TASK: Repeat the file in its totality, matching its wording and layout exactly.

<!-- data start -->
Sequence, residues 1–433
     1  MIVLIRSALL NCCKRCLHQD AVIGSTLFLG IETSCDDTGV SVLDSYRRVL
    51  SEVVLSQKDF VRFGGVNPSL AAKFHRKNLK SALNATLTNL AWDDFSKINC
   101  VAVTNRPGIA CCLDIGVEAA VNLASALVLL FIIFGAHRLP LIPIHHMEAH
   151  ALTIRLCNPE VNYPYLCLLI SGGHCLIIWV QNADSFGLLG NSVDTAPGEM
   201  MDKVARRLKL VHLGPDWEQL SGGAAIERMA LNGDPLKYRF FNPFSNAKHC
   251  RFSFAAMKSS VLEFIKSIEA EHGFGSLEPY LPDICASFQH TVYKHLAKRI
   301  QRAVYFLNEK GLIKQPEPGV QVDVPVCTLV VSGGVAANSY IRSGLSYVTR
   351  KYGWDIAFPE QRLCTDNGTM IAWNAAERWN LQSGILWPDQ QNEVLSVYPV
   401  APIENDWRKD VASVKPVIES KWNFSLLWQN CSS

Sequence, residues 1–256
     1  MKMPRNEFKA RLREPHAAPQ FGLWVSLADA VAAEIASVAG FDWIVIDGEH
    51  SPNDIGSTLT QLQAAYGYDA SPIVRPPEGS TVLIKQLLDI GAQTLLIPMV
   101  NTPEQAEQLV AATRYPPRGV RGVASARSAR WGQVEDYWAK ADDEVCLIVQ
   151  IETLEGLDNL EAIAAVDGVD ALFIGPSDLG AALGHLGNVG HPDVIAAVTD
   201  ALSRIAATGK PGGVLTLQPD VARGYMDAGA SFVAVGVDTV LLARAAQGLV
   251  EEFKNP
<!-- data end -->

Sequence, residues 1–433
     1  MIVLIRSALL NCCKRCLHQD AVIGSTLFLG IETSCDDTGV SVLDSYRRVL
    51  SEVVLSQKDF VRFGGVNPSL AAKFHRKNLK SALNATLTNL AWDDFSKINC
   101  VAVTNRPGIA CCLDIGVEAA VNLASALVLL FIIFGAHRLP LIPIHHMEAH
   151  ALTIRLCNPE VNYPYLCLLI SGGHCLIIWV QNADSFGLLG NSVDTAPGEM
   201  MDKVARRLKL VHLGPDWEQL SGGAAIERMA LNGDPLKYRF FNPFSNAKHC
   251  RFSFAAMKSS VLEFIKSIEA EHGFGSLEPY LPDICASFQH TVYKHLAKRI
   301  QRAVYFLNEK GLIKQPEPGV QVDVPVCTLV VSGGVAANSY IRSGLSYVTR
   351  KYGWDIAFPE QRLCTDNGTM IAWNAAERWN LQSGILWPDQ QNEVLSVYPV
   401  APIENDWRKD VASVKPVIES KWNFSLLWQN CSS

Sequence, residues 1–256
     1  MKMPRNEFKA RLREPHAAPQ FGLWVSLADA VAAEIASVAG FDWIVIDGEH
    51  SPNDIGSTLT QLQAAYGYDA SPIVRPPEGS TVLIKQLLDI GAQTLLIPMV
   101  NTPEQAEQLV AATRYPPRGV RGVASARSAR WGQVEDYWAK ADDEVCLIVQ
   151  IETLEGLDNL EAIAAVDGVD ALFIGPSDLG AALGHLGNVG HPDVIAAVTD
   201  ALSRIAATGK PGGVLTLQPD VARGYMDAGA SFVAVGVDTV LLARAAQGLV
   251  EEFKNP